Quotes about Doctrine-General


The Savior moved from divine doctrine to dirty feet in a very short space of time. We would do well to remember this.


We have come to a place in time where we measure the correctness of our plans simply by their seeming to contribute to our favorite aim. We estimate the soundness of our doctrine, not from its tendency to exalt and glorify God…but entirely by the apparent facility with which it enables us to get sinners to turn from their ways.     


The truths that I know best I have learned on my knees. I never know a thing well, till it is burned into my heart by prayer.


Now, in order that true religion may shine upon us, we ought to hold that it must take its beginning from heavenly doctrine and that no one can get even the slightest taste of right and sound doctrine unless he be a pupil of Scripture.


We may judge doctrine and behavior by the objective standards of right and wrong that are given to us in Scripture. What we may not do though, is judge a person’s heart and motives.


When a doctrine or teaching is presented to me, I may examine it and mull it over. I may compare it to Scripture and seek to understand whether it is consistent with what God has revealed about Himself. But once I accept that doctrine I am responsible for it. If the doctrine is false and I choose to believe it, I can expect God to hold me accountable for believing something that is false.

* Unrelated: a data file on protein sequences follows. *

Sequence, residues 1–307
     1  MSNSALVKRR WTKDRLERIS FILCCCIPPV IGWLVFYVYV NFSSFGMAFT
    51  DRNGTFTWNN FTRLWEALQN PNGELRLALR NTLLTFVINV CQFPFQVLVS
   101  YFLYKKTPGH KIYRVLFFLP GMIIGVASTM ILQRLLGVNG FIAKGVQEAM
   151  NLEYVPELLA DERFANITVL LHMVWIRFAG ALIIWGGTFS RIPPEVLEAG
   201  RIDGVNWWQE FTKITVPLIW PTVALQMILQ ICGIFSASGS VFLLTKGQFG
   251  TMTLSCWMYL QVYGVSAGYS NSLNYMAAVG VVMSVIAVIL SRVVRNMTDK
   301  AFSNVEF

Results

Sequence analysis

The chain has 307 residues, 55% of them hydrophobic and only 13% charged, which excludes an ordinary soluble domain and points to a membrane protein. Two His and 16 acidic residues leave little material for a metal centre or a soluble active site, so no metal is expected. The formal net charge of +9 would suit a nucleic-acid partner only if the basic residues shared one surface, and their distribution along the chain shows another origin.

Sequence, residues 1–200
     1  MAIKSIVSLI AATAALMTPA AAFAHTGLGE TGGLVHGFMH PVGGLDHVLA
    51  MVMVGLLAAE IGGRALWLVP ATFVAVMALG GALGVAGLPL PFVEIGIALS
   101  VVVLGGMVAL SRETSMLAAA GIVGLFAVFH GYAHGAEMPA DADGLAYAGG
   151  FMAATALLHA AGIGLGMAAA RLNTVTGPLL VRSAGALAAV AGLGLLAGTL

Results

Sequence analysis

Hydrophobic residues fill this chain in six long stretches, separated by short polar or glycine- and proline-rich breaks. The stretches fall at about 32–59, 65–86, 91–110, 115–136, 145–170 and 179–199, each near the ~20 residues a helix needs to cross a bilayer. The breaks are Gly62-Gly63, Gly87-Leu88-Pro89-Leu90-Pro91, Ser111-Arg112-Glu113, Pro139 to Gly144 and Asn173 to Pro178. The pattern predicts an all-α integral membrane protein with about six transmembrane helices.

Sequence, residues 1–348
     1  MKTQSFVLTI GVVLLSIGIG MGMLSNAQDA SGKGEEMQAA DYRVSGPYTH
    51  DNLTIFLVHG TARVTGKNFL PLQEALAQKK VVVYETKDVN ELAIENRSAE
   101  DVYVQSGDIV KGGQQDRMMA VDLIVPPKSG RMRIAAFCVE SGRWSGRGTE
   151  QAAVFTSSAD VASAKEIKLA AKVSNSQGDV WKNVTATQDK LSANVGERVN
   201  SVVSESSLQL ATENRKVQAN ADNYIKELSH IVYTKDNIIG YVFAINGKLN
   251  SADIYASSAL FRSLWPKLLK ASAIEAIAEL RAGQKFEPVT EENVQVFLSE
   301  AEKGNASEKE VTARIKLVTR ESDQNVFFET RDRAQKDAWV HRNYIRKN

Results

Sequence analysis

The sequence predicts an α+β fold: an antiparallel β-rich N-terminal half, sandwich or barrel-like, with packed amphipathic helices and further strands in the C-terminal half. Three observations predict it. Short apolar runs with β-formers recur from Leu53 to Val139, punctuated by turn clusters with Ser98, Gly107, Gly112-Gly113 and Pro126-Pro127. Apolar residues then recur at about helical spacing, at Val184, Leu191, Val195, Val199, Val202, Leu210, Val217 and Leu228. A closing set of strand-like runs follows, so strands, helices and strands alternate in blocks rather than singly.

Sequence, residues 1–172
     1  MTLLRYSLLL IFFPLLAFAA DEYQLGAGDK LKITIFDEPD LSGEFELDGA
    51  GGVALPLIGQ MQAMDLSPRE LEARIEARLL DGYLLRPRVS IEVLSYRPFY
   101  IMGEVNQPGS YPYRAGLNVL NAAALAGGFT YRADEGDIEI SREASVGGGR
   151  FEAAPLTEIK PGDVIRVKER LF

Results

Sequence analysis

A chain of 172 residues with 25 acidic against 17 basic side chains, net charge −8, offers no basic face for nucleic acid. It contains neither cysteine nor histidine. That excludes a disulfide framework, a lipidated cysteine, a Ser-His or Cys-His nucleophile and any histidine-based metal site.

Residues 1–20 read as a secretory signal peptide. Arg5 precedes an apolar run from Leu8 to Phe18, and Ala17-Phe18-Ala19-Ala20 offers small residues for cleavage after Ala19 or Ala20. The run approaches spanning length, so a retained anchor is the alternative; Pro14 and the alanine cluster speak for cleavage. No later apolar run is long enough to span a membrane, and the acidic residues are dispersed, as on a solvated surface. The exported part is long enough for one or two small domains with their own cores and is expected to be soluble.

Thom Rainer did a study a number of years ago asking formerly unchurched people the open-ended question, “What factors led you to choose this church?” A lot of surveys had been done asking the unchurched what they would like in a church. But this study asked the formerly unchurched why they actually were now in a church. The results were surprising: 11 percent said worship style led them to their church, 25 percent said children’s/youth ministry, and 37 percent said they sensed God’s presence at their church. For 41 percent, someone from the church had witnessed to them, and 49 percent mentioned friendliness as the reason for choosing their church. Can you guess the top two responses? Doctrine and preaching – 88 percent said the doctrine led them to their church, and 90 percent said the preaching led them there, in particular, a pastor who preached with certitude and conviction… When it comes to reaching outsiders, bold, deep, biblical preaching is not the problem. It’s part of the solution.